A Folsom woman was sentenced to three years in state prison by a Placer County judge for the 2007 hit-and-run death of 15-year-old Courtney Parker of Granite Bay.
Anna Elvira Berset, 52, received the prison term from Superior Court Judge Larry D. Gaddis after being convicted by a jury on Jan. 27 of hit-and-run causing death, which is a felony, and of a misdemeanor count of vehicular manslaughter without gross negligence.
Courtney Parker was struck by a motorist on the night of June 13, 2007, as she walked on the side of Auburn Folsom Road in Granite Bay. She died in a hospital two days later.
The morning after the accident, Berset contacted the California Highway Patrol to report that she may have struck a deer or a thrown rock the previous night. The CHP conducted a lengthy investigation and arrested Berset three months later.
In handing down his sentence, Gaddis said that regardless of what Berset had struck on the roadway, “I believe a reasonable person would have stopped.” He said Berset’s decision to keep driving “shows a degree of callousness.”
Prosecutor Jeff Wilson said Berset appeared to have made three cell phone calls while driving home after the accident. One of the calls was to her adult son, who himself was convicted and served a prison term for a hit-and-run drunken driving accident that killed a 15-year-old boy and severely injured his sister in 1998. That accident also occurred on Auburn Folsom Road.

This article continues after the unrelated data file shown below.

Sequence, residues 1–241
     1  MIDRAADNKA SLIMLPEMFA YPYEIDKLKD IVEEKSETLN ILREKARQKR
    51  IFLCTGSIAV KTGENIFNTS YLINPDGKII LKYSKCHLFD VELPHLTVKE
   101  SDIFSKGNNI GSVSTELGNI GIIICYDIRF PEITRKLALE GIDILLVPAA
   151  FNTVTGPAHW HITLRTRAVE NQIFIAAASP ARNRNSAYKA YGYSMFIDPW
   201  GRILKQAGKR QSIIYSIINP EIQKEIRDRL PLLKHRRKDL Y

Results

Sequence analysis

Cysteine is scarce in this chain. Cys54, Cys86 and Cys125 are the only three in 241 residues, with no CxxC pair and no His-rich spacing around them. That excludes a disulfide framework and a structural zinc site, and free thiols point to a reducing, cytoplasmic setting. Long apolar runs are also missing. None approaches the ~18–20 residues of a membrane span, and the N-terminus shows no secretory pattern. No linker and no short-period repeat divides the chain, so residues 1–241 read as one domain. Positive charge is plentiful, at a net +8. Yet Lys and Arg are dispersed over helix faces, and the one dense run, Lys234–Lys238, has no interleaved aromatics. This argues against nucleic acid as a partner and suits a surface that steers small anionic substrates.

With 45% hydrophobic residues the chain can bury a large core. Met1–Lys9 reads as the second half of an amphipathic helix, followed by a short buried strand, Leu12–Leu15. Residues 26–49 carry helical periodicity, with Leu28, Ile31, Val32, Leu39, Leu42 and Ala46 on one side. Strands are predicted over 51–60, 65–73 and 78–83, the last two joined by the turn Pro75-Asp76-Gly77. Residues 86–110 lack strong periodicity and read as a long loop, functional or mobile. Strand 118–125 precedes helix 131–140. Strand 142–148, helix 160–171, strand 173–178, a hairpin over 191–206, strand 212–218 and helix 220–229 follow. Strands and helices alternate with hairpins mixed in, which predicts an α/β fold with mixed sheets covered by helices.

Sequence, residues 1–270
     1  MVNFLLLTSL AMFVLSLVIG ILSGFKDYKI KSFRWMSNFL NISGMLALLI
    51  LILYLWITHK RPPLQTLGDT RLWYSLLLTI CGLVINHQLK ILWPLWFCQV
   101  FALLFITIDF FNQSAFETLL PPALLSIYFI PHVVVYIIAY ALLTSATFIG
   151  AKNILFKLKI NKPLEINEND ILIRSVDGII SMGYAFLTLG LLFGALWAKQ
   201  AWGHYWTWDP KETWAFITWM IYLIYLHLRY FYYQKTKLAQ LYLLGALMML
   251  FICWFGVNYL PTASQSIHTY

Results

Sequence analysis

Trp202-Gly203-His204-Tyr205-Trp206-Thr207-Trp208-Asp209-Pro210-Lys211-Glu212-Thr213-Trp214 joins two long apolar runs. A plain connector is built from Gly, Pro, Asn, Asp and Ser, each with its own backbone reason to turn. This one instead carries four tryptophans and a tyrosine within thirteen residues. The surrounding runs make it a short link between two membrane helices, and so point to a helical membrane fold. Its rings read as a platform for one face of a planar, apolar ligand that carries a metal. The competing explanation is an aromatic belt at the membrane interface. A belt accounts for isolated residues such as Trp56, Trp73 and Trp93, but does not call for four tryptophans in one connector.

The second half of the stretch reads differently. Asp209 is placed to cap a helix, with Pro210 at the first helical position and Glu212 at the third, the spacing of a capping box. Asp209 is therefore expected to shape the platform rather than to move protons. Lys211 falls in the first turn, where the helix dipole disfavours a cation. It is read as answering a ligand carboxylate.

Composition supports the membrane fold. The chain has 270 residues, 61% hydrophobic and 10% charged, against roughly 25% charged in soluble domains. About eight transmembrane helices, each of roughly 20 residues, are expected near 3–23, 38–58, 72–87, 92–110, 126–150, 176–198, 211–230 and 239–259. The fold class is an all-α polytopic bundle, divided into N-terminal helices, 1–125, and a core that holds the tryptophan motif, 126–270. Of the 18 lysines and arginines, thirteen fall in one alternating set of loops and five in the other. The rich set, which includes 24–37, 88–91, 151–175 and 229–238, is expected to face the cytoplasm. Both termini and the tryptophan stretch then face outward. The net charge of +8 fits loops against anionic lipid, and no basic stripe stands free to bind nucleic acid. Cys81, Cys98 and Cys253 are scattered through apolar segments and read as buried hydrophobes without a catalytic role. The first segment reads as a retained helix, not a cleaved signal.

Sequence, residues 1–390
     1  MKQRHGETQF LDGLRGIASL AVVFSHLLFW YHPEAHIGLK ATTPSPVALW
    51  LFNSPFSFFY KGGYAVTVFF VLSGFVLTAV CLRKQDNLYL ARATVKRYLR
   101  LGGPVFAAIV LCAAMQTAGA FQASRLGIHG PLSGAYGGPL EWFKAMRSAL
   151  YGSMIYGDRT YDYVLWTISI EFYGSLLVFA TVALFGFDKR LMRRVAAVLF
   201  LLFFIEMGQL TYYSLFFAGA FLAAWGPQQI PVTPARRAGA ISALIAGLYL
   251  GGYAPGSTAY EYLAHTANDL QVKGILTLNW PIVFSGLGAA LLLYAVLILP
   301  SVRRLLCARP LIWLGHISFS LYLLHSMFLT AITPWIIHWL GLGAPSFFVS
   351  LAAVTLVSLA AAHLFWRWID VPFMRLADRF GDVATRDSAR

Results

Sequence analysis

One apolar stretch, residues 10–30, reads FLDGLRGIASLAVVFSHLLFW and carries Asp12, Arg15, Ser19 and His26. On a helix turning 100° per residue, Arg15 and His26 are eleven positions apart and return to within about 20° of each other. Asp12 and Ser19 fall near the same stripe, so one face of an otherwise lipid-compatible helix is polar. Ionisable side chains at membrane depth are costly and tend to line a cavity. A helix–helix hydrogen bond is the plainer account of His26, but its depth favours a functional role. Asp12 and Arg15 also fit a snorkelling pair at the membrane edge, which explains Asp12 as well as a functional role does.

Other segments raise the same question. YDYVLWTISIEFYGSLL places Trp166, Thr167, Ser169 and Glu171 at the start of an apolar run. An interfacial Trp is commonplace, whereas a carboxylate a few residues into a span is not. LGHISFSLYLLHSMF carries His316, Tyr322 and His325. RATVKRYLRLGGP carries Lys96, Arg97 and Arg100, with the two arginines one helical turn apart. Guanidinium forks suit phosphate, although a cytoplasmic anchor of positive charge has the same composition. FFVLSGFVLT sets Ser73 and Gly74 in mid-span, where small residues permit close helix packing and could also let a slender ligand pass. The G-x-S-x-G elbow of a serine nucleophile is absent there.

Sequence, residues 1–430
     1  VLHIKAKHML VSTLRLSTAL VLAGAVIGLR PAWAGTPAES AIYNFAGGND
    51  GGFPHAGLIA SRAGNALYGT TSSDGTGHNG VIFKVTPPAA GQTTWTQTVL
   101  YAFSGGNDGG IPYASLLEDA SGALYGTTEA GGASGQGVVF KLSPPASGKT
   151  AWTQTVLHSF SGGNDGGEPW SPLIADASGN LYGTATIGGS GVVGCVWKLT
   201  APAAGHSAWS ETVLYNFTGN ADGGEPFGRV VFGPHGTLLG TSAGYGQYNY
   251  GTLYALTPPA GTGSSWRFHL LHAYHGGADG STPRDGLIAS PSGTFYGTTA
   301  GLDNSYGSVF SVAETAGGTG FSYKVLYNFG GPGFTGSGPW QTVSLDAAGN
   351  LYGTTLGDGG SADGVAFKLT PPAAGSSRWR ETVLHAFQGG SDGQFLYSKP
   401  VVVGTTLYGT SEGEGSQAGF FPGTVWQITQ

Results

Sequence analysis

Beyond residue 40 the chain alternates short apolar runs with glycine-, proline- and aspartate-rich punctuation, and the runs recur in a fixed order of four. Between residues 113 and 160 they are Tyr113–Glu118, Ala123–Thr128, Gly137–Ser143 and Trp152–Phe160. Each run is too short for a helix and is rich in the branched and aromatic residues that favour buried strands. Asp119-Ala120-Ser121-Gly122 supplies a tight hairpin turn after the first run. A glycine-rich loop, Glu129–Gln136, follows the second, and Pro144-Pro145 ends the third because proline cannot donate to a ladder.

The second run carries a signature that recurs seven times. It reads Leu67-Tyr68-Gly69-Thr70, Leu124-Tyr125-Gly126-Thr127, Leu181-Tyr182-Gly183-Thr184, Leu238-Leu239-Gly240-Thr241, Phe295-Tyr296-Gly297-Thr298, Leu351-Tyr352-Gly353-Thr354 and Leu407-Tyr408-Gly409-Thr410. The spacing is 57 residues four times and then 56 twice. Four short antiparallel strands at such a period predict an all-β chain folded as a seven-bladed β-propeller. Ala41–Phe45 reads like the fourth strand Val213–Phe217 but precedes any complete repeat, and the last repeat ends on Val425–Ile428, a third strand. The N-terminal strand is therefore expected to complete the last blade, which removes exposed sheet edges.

Gaddis noted the case of Berset’s son just before pronouncing sentence.
“The fact that what happened to her son is highly unusual and highly disturbing,” he said. “If anyone knew to stop, it certainly should have been her.”
In a letter to the Placer County Probation Department, Nancy Parker, Courtney’s mother, said her daughter’s death has “destroyed” her family.
She wrote that she and her husband suffer anxiety attacks since the death and that her 19-year-old son continues to fight bouts of depression.
Mrs. Parker said the CHP’s 68-page report reveals a “web of lies” told by Berset about what occurred in the accident. She asked that Berset be given a maximum four-year prison sentence.
“The thought of her having to serve her time in a state prison for the full four years has been the only thing keeping my family going,” she wrote.
Wilson called the accident “the worst hit-and-run case I’ve seen in my 12 years in this office. A young girl was struck and left to die on the side of a darkened road.
Courtney’s best friend, Kelsey Harter, who was walking with her, had to search the area to find Courtney nearly 70 feet from where she was hit, Wilson said.
During the trial, Berset’s attorney, Craig Leri, tried to establish that his client did not know what she had struck.
In court today, Berset apologized to the Parker family for causing Courtney’s death and she again maintained that she did not know she had struck Courtney.
“If only I could trade places with your daughter, I would,” she said. “I’d do it in a second.”